The tool to find your way through all of Ernie’s exploits is Legend Entertainment’s well-proven interactive fiction interface. Actually, it wasn’t well-proven at all at the time when Spellcasting 101 was released, as it was the very first game to introduce the system. Above the typical text adventure text window and parser input rests by default a visual representation of the current scene. To the left are listed a lot of – but not all – verbs known by the parser as well as all things and persons Ernie can currently interact with. Finally there’s the compass that provides for a clicking alternative to the directional commands.
The plain artworks don’t seem look much, and many interactive fiction veterans would likely rather have more space for text than all this bells and whistles, which is possible, as the interface is customizable. Still, they’re more than mere decoration and full of hotspots, so the games can be played almost like point & click adventures by the less old-school players, although with an awful lot of verbs to browse through. There are even a few extra responses especially reserved for mouse clicks and objects you wouldn’t know they’re there by the textual description alone. Still, seeing the picture is never a requirement to solve a problem. The image can also be swapped for a map of the current area, a list of your inventory or the text description for the current scene.
Oh, and there’s also the clock, which you should always take care of. While the game doesn’t run in real time, every action costs a certain amount of time, and many of the events in the game are momentary.
That’s right, there’s a dozen ways to miss your chance, screw up, die, maneuver yourself into a dead end. Fortunately, the game offers an undo function to revise an unwise command. Once. Saving often is imperative, as is keeping several backup states. Despite the inventive and modern presentation, below the surface the Spellcasting series proved dauntingly oldschool even for the time of its release, and the games are prime examples of obfuscated design. A player not ready to take notes, read every line of descriptions carefully, think around three corners and then do it all again after failing, is in danger to give up on the series swiftly. Spellcasting is also one of those games better enjoyed together with a friend, as two (or three, or …) brains are not twisted as easily as one. The logic is often crazy, but finally getting it is one of the most rewarding experiences in video gaming ever.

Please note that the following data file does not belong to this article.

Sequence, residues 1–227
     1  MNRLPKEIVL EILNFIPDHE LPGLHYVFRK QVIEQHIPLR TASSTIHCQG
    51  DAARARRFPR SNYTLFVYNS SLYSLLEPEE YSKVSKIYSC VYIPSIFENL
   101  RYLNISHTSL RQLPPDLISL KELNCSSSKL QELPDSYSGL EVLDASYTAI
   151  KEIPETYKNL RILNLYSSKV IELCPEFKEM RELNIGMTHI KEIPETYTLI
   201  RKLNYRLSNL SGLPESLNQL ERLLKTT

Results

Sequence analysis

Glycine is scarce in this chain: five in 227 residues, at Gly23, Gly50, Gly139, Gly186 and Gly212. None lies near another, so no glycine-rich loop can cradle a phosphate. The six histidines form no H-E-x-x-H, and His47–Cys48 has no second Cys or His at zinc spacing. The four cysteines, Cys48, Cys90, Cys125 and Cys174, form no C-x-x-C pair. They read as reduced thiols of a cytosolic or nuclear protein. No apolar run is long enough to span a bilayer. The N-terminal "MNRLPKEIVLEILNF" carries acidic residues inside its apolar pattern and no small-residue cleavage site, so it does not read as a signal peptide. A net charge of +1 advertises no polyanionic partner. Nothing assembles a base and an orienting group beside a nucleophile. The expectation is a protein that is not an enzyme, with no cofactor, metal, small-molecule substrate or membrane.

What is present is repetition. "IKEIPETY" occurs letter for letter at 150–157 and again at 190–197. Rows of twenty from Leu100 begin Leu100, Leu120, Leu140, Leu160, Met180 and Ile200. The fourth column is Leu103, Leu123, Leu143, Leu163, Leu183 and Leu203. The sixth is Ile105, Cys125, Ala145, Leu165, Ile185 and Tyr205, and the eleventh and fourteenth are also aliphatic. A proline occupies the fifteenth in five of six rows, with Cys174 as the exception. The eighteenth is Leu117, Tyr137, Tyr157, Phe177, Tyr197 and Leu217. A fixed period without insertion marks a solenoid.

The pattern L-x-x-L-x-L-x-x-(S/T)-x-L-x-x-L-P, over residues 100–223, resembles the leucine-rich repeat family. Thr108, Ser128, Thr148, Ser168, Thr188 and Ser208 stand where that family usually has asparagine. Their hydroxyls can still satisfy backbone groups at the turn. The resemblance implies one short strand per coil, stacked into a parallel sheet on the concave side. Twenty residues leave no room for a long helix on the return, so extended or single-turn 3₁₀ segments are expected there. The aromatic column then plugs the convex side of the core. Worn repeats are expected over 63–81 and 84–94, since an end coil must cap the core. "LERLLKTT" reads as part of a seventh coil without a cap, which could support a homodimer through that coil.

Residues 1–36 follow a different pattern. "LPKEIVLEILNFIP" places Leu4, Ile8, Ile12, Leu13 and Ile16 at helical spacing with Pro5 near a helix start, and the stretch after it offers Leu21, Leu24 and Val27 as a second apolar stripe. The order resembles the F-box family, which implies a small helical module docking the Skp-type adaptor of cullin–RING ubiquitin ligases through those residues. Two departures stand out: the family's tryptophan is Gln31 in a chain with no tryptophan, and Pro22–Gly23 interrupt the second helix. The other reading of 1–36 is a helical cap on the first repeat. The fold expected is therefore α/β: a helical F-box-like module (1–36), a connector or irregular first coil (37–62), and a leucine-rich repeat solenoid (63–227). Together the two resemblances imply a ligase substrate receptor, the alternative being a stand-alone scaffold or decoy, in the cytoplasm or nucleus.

The game is full of more stuff they don’t make like they used to, anymore. Seeing how Legend Entertainment was the quasi-successor to Infocom, it only seems natural that the games come with a number of feelies that double-serve as copy protection. Printed maps, charts and other documents put immersion to new heights in 1990, but hold the potential to frustrate the modern retro gamer to no end in trying to get hold of them. There’s also a sense of realism to some mechanics that even adventurers spoiled by the LucasArts-comfort zone might view as needlessly bothersome, like Ernie dropping all his stuff each time he falls asleep.
Besides requiring to go to the right spot at the right time, most puzzles are solved with the help of magical spells. While there are a few inventory puzzles, most are very simple and about as obvious as “unlock door with key”. The tricky part is interpreting and applying the descriptions in your spell book to get the required items in the first place. Take for example the SKONN spell in the first game, whose purpose it is to “increase bust size”. No, you can’t help any female characters to a new cup size with it, but yes, you’ll encounter a situation where you have to put it to good use. There are generally two methods to learn new spells: Most are confined in spell boxes received by triggering certain events and just have to be opened to be transferred into the spell book. Yet there are a few spells that can only be gained by hard training in the spellcasting simulator, kind of a magic holodeck that puts the Sorcerer’s University students in typical situations a sorcerer’s apprentice is faced with in his daily life.